The accredited Rose Total Breast Care program assures leading-edge, comprehensive and quality care. We are accredited by the Commission on Cancer (CoC) and the National Accreditation Program for Breast Centers (NAPBC), administered by the American College of Surgeons. The American College of Surgeons recognizes cancer care programs for commitment to providing comprehensive, high-quality, multidisciplinary patient centered care—a distinction earned by only 25 percent of hospitals nationwide.
Treating breast cancer
Surgery is generally considered to be the first option when treating breast cancer. Luckily, Sarah Cannon at Rose Medical Center offers an array of surgical options to treat breast cancer, including:
- Wire needle localization
- Sentinel node biopsy
- Hidden Scar™ Breast Cancer Surgery
- SCOUT® wire-free radar localization system
Alternatively, radiation therapy may also be a vital component of your breast cancer treatment plant. In fact, Rose Medical Center offers certain patients the possibility of intraoperative radiation therapy (IORT). This advanced system allows for an entire course of radiation to be delivered to a patient in the operating room at the time of their surgery. Rose has the leading IORT program in the U.S.
Wire needle localization
For all patients receiving a lumpectomy and most patients receiving a mastectomy, your radiologist will place a small wire into the area of abnormality before surgery. This procedure is important to help your surgeon and pathologist correctly identify the area of abnormality during surgery. This procedure lasts about 20 to 40 minutes and the patient is provided a local anesthetic to numb the area. In order to confirm the proper placement, a mammogram is conducted when the wire is in place.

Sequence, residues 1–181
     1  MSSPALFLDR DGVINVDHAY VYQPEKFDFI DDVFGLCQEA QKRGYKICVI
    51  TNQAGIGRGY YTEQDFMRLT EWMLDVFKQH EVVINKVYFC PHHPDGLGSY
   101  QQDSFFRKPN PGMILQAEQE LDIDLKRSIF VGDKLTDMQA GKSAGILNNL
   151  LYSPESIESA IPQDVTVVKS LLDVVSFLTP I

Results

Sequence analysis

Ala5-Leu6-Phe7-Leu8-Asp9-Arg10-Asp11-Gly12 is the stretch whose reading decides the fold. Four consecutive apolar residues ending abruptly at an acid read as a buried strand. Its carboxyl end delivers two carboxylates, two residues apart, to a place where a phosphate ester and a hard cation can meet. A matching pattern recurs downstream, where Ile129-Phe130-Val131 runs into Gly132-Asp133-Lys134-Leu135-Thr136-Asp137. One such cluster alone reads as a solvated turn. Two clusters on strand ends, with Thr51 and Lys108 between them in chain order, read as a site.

Sentinel node biopsy
The sentinel nodes are the most likely to have cancer in them if your cancer has spread to the nodes. These lymph nodes will be removed during surgery if they have become affected by the cancer. Prior to the procedure, a radioactive iodine injection will be administered to the nipple. The dye will identify the sentinel nodes to your surgeon by following the drainage path.
Breast cancer surgery with minimal scarring
Visible scars can be a painful reminder of an already painful breast cancer journey. At Rose, our surgical team is proud to offer the Hidden Scar™ Breast Cancer Surgery program, an advanced approach to breast cancer surgery resulting in minimized visible scarring. Hidden Scar™ Breast Cancer Surgery can be used in nipple sparing mastectomies and lumpectomies.
The Hidden Scar™ approach uses only a single incision to remove cancerous tissue made in an inconspicuous area to minimize visible scarring. This approach allows surgeons to preserve a natural-looking breast by sparing the nipple, areola and surrounding tissue. Patients who undergo this approach are also at no higher risk of recurrence than patients who undergo any other type of technique.
Our surgeons are able to perform breast cancer procedures using this technique with better safety, efficiency and precision, while optimizing clinical and aesthetic outcomes for patients. This procedure can have a positive impact on patients’ psychological and emotional recovery.
Qualifications for this advanced technique depend on a patient’s tumor size and location, breast shape and size and the surgeon’s training.
Wire-free breast surgery